propertymoos

So basically, you pick an available property from the website, invest your money with a load of other people to buy ‘shares’ in the property. When the property is tenanted, you start earning ‘monthly rental’ based on the number of shares you own.

Rental income seems to vary from around 5% – 7%. With Property Moose, most properties tend to be in the north/northwest, with only a few in London. Said properties tend to be ones which require renovation and you are able to see the progress of the renovations via photos posted on the website.  At the end of the fixed investment term (ranging from 1-3 years), the property is sold and proceeds are shared amongst the investors (subject to their share and less costs and expenses), although it appears that investors are able to vote to retain the property for a further year.

Property crowdfunding is not without its risks – I view it along the same lines as P2P  – still pretty new, regulated but not covered by the FSCS (Financial Services Compensation Scheme) so I’ll not be investing a huge amount in this.

Since that initial investment, I’ve chucked some more matched betting profits at Property Moose.  I think there’s still some life left in investing in property (yes, despite Brexit and the doom and gloom about property bubbles) so will be continuing to build on this investment bit by bit and will update with the rest of my portfolio.

Another Side to Crowdfunding

I came across Kiva a while ago but decided to revisit when I was looking for charities to support recently.

kiva

Kiva is a charity platform which aims to support people from poorer countries via crowdfunding loans. Deki is another platform, which I hope to have a look at again.

So how does it work? First, a borrower applies for a loan. Usually, loans are to start or grow a small business, used to go to school/further education or simply to be able to live in better conditions.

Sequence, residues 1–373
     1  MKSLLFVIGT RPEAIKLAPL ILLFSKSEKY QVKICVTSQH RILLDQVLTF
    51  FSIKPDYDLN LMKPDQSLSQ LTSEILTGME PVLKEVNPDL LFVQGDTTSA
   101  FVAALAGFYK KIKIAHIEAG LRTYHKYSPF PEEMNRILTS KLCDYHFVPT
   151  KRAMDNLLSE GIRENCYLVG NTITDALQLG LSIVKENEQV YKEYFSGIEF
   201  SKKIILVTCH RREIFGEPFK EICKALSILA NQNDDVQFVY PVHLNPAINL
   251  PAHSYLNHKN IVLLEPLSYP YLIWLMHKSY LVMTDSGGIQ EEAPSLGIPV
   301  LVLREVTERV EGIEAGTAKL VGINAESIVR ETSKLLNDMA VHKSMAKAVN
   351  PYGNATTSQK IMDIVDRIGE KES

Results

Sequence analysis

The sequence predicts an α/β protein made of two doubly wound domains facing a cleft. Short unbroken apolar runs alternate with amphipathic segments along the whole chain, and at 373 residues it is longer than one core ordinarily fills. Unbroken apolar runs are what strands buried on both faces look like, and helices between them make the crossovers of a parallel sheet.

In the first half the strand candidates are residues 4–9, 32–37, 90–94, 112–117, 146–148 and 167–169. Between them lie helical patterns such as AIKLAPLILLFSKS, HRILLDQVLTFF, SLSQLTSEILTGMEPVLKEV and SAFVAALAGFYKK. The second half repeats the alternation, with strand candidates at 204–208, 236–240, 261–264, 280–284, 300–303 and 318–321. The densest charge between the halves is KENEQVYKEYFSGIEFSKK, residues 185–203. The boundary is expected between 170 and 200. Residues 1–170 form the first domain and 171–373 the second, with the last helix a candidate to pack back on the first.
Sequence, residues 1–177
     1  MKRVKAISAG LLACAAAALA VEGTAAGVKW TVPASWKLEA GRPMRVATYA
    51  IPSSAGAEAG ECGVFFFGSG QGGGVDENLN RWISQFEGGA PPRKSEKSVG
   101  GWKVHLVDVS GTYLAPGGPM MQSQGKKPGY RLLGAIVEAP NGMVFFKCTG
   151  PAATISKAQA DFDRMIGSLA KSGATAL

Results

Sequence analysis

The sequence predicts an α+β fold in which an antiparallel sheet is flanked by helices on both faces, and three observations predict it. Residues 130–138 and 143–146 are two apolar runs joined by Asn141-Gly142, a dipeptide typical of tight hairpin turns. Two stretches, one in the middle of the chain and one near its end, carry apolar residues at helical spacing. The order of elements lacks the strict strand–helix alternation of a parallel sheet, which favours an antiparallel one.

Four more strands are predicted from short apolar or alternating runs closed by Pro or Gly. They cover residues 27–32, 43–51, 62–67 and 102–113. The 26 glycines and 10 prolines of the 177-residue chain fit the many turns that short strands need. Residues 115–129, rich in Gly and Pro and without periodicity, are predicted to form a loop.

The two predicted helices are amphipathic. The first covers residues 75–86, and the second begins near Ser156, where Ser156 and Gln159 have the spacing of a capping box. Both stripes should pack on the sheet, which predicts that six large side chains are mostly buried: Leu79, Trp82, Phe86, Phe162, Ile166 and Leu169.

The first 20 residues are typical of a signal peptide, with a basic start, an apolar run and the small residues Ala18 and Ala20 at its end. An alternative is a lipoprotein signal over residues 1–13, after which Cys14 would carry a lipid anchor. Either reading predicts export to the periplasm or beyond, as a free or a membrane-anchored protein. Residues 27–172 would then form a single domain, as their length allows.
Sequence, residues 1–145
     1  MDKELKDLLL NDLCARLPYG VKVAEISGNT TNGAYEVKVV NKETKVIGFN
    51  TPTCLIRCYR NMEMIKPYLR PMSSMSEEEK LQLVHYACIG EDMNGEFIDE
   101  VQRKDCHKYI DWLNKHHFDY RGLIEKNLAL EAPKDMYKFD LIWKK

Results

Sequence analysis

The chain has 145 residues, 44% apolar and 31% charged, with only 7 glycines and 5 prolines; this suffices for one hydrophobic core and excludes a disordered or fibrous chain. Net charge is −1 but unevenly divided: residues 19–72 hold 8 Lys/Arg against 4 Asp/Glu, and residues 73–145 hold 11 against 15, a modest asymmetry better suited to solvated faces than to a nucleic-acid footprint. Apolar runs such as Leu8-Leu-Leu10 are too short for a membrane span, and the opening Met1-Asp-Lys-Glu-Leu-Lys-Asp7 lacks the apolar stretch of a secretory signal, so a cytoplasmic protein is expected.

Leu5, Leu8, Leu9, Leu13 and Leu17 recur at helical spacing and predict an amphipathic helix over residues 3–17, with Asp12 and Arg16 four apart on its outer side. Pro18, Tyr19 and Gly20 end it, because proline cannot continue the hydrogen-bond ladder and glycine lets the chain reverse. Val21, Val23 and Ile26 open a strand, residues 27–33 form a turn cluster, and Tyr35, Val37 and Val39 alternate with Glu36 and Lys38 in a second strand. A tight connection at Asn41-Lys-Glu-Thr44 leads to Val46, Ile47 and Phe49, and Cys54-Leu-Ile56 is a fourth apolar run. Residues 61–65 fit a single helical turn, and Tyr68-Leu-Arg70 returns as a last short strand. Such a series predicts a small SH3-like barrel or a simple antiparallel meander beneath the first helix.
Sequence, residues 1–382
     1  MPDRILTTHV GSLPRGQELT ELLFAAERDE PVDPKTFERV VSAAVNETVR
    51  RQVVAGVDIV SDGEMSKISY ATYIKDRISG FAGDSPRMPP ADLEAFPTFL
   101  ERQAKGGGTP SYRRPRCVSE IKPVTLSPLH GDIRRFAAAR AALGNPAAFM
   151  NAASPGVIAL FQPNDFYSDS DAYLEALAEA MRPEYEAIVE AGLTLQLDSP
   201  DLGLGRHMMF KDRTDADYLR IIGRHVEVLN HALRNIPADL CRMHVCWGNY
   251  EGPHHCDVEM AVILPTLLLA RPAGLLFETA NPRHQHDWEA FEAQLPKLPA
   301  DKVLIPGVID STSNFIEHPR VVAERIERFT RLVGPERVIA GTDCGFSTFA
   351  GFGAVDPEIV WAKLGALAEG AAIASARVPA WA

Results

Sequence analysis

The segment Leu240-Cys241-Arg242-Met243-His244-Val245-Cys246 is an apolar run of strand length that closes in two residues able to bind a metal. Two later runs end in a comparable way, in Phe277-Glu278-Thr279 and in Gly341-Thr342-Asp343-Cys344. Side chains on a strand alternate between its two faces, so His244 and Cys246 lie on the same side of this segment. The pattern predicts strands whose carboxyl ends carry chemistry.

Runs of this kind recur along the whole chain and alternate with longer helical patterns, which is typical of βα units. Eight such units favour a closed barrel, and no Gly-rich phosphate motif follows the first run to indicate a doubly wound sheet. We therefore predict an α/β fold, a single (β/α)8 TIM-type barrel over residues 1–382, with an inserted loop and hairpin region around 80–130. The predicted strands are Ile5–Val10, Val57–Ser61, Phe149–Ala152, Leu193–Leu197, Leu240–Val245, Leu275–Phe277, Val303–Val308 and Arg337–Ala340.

The loan, after it’s approved is crowdfunded by other lenders, in $25 increments.

Repayments of the loan are made on a monthly basis and such repayments can then either be withdrawn or used to fund other loans.

My first Kiva loan was to a woman from the Philippines who wanted to build a sanitary toilet for her family…. such things that we take for granted…

So, different sides to crowdfunding – I hope to make some money on the one side, and hope to help improve someone’s life a little on the other.

[*Referral Link – edited 16/09/16]

P2P – 2 Year Update

Following on from my last review, another 12 months have gone by so here’s an update on my peer-to-peer (P2P) lending.

P2P image

Around this time last year, my P2P portfolio stood at £2,098.15.

As at June 2016, it totalled £2,437.20.

£226.88 came from referrals and a bit of new investment (a whole £26.88!), so actual increase was £112.17 (5.3%).

This increase compares favourably to the 4.9% I achieved in 2015 as I continue to reinvest my money in loans with higher interest rates.

Here’s my P2P portfolio:

Funding Circle – £1,050.11
FundingKnight – £105.18
LandBay – £204.09
Lending Works – £355.55
RateSetter – £730.02

Defaults

In December, I suffered my first P2P loan default. Since then, there has been a second default. The above 5.3% increase includes both defaults (both of which were with Funding Circle). Most of my loans are very small and spread out (I have over 80 loans with Funding Circle), thus hopefully, minimising the impact of defaults.  Had I not had those defaults, I would have seen an increase of 6.4%.

Administration

P2P does have its risks. It’s not covered by the FSCS so there is the chance that you may not get all your money back should things go belly up.

In June, FundingKnight went into administration.  The first I heard about it was when I received an email stating that it had been acquired by a company called GLI Finance. I don’t have much loaned via FundingKnight but some lenders may indeed be trying to get their money back in a panic. I can see on the website that there are lots of loans on the secondary market and not a lot of new loans (if any). What I’m going to do is to withdraw repayments made and recycle them into one of my other P2P accounts – I’m not going to try to cancel down my loans or sell them.

This does mean that I’ll not really be keeping to my P2P diversification plan, but my funds will still be spread between the other accounts.

So, whilst I’m not currently intending to add any new funds, I will continue to reinvest and of course, will monitor my portfolio closely.